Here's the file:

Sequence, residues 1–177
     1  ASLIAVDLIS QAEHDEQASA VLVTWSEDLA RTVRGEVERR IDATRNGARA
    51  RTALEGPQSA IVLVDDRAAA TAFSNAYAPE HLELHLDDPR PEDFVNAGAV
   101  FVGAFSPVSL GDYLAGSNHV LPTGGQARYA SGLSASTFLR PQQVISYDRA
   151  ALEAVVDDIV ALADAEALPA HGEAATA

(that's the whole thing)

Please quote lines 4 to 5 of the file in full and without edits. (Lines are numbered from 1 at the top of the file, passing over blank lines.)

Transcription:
   101  FVGAFSPVSL GDYLAGSNHV LPTGGQARYA SGLSASTFLR PQQVISYDRA
   151  ALEAVVDDIV ALADAEALPA HGEAATA